By: nabeela khan
February 9 2024
Exploring the impact of social media on ADHD awareness and misinformation. (Source: TikTok/Freepik/Modified by Logically Facts)
Of late, social media platforms have witnessed a surge in interest in mental health, particularly in discussions concerning ADHD (Attention-Deficit/Hyperactivity Disorder), a neurodevelopmental disorder.
To provide some context, an article from Creyos (formerly known as Cambridge Brain Sciences), an online brain health platform, reported in November 2023 that there were nearly 62,000 monthly Google searches in the U.S. alone asking, "Do I have ADHD?" Globally, the monthly search volume reached 148,000.
A look at the social media trends from February 2023 to February 2024 using CrowdTangle showed that the hashtag #adhd garnered 24 million interactions on Facebook and 150 million on Instagram. There were over 189,000 and 64,000 posts, respectively, tagged with the hashtag in the same period.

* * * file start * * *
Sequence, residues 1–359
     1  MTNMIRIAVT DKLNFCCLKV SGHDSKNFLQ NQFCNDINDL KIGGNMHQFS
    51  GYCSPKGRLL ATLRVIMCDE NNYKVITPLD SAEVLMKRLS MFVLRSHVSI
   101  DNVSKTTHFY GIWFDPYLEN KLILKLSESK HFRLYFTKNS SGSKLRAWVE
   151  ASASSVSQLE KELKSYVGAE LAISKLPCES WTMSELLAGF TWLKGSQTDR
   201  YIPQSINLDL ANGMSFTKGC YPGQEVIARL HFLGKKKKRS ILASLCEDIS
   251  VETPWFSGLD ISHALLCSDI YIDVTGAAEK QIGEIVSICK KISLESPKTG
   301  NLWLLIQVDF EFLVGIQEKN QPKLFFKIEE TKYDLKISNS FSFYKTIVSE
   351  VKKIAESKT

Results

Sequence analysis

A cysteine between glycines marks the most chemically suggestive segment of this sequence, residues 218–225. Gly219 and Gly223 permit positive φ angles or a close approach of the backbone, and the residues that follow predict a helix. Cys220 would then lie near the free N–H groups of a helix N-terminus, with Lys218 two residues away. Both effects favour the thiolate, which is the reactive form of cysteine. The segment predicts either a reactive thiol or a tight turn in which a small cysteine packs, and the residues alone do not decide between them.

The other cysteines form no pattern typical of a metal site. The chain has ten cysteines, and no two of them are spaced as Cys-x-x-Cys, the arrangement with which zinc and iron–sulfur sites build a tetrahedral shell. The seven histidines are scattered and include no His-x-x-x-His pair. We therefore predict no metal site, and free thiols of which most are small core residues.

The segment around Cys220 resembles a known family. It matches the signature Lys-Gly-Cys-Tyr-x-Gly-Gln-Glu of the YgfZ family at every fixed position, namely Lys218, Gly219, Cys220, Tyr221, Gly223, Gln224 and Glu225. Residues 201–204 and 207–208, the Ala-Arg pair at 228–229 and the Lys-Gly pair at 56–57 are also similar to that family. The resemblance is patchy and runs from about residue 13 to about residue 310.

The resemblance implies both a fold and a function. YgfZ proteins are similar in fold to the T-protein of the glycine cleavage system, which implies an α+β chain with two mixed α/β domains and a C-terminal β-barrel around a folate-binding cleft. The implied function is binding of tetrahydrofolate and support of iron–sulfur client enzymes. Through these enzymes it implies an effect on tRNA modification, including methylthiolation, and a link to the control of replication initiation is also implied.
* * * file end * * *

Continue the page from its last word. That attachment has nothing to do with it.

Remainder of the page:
The graph shows the engagement around #ADHD on Facebook and Instagram. (Source: CrowdTangle/Screenshot)
Google Trends also indicated an ongoing global engagement with the search term ‘ADHD’ over the past 12 months. These figures underscore the continuous conversation about mental health on social media but also highlight concerns regarding misleading content by non-experts, potentially leading to misdiagnosis.
A Facebook Reel, posted on January 24, 2024, summarized ADHD symptoms and suggested that individuals with the disorder are easily distracted, have concentration difficulties, and are fidgety. This video received over 3,000 likes and 353 comments and was shared 480 times at the time of writing.
Screenshot of a video stating the 14 major signs of ADHD. (Source: Facebook/Screenshot)